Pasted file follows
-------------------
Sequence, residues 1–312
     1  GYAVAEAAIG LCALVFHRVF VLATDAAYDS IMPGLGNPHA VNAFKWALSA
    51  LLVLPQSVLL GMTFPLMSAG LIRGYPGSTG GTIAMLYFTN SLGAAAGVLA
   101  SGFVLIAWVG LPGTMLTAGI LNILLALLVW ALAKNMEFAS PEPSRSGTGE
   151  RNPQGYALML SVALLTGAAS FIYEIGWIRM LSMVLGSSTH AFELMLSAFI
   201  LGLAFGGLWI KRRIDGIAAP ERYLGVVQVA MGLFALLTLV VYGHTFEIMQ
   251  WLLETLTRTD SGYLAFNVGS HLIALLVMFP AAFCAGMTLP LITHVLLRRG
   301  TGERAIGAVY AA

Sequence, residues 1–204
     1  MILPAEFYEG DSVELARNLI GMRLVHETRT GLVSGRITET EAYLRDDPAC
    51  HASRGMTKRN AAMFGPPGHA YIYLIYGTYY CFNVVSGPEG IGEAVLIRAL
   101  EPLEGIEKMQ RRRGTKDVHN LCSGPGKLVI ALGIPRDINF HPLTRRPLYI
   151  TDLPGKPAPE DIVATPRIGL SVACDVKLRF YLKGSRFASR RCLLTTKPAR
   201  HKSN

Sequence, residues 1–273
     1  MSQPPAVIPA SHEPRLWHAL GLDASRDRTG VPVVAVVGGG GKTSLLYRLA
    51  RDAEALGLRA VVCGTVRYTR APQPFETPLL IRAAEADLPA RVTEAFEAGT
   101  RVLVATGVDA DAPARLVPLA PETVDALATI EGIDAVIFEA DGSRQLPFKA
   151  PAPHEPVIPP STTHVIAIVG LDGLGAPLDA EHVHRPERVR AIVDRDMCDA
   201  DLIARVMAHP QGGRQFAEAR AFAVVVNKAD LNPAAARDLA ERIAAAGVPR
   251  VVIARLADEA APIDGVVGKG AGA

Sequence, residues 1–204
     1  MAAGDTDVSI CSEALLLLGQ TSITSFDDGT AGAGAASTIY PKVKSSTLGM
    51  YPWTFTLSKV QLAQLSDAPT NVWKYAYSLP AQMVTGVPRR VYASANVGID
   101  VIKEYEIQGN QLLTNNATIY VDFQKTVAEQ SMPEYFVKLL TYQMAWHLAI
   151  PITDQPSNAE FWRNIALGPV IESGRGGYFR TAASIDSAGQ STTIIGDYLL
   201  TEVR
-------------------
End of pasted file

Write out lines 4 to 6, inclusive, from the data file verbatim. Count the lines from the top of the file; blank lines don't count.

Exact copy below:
   101  SGFVLIAWVG LPGTMLTAGI LNILLALLVW ALAKNMEFAS PEPSRSGTGE
   151  RNPQGYALML SVALLTGAAS FIYEIGWIRM LSMVLGSSTH AFELMLSAFI
   201  LGLAFGGLWI KRRIDGIAAP ERYLGVVQVA MGLFALLTLV VYGHTFEIMQ